I led the parade of students from the school to the collection site. Mrs. Holt followed behind in her vehicle as a safety precaution.  Little did I know, many of the students ran cross-country and the roads I had chosen to follow were well known from their after school practice.  Before I knew it, students were running ahead following the marked course. I started running with them as well, as I didn’t want the crowd to get too far ahead. I may or may not have impressed the students with my scientific pursuits, but I did impress several with my running ability. I am pretty sure they expected to drop me within the first quarter mile.

Students traveling to the field site on foot.

Once we got to the alder population I had chosen, I had the group in the front wait while I ran back to gather the line of students stretched out as they were walking at different paces behind the lead group.  It was great to have Mrs. Holt in the car as sweep to assure we did not lose any students along the way.  She also did a head count before and after we made our collections.

Mrs. Holt in the sweep car.

This is what happens when you give your camera to the students to take photos.

We had asked a pair of students to carry our field supplies, so when they arrived we were set to make our seed collections. I stressed again for each student to collect from a single unique shrub. The flurry of activity began with students disappearing into the alder thicket that paralleled a nearby creek.  I was pleased to see most of the students labeling their collections well and folding their bags neatly.  After about 20 minutes, they each deposited their collection back into the field bag and we made the return trip to the school.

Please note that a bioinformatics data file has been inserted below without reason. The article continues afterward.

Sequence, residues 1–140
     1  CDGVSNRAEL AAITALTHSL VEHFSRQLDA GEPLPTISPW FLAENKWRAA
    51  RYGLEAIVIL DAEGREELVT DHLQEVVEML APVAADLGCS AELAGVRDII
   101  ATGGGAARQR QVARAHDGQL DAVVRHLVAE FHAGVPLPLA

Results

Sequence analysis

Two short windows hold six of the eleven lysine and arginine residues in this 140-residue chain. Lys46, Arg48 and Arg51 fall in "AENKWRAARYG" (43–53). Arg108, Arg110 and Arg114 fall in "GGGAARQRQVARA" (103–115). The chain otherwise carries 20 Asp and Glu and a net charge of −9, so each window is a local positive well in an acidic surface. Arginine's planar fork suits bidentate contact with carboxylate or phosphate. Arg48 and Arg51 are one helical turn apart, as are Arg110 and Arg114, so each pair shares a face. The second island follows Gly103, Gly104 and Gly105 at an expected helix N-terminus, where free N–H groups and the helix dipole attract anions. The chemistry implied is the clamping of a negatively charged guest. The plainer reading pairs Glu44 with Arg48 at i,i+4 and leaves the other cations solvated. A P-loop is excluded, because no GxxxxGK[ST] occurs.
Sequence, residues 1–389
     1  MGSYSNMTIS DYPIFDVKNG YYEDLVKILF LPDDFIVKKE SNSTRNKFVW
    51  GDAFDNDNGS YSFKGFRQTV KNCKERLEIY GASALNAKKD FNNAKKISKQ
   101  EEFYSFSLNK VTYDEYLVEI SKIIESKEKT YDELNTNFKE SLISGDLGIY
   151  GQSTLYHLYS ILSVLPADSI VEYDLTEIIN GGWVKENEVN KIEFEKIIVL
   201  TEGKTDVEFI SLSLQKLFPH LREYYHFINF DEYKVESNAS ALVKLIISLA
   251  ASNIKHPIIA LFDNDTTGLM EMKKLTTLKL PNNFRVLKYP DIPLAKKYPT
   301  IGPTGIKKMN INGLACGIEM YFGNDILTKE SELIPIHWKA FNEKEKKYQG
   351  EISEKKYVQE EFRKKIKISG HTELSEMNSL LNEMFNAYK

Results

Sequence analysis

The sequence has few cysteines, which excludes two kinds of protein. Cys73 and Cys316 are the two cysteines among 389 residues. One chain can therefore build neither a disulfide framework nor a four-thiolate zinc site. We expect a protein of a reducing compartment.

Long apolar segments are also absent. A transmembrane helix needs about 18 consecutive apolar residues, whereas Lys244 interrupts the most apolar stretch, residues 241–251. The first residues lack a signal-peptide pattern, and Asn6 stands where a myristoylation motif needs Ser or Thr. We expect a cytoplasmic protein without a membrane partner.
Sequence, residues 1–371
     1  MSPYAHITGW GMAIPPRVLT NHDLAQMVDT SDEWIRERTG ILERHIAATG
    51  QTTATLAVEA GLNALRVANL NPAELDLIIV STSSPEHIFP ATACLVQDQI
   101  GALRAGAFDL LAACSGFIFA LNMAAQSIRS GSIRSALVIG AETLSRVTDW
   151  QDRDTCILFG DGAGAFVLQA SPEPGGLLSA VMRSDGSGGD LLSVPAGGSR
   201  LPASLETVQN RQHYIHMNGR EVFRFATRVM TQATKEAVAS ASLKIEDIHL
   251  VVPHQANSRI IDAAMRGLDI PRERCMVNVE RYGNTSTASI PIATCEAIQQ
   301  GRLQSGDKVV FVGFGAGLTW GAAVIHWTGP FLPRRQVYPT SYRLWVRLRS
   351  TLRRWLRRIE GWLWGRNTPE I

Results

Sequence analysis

Amy handing out paper bags to the students.

Student labeling her seed collection.

Once back in the classroom, Mrs. Holt led a discussion about what they had learned on their field trip.  She asked several great questions about alder (e.g., is alder deciduous or evergreen?) that brought the science home at the middle school level.

That afternoon, I went out to the Kougarok field site to make additional seed collections from two shrub birch species and two willow species.  Winter will soon arrive on the Seward Peninsula making travel to the field site difficult once the snow begins to fall.  The road is not maintained in the winter months for travel by car, although it is open to snowmachine, dog team, cross-country skiing, and other assorted activities. My collection of seed from the other shrub species was a success and it was a pleasant return drive to Nome.  I departed for home on the evening flight.

-Amy Breen

Road sign erected in the winter months to warn travelers that the Kougarok Road is not plowed or maintained.

The top of the hillslope at the Kougarok field site showing one of our intensive stations with plots marked with wooden stakes and a weather station.

Cabins along the Pilgrim River on the return drive from the field site. There are still some fall colors among the tundra plants.

Looking back at Salmon Lake as the sun sets.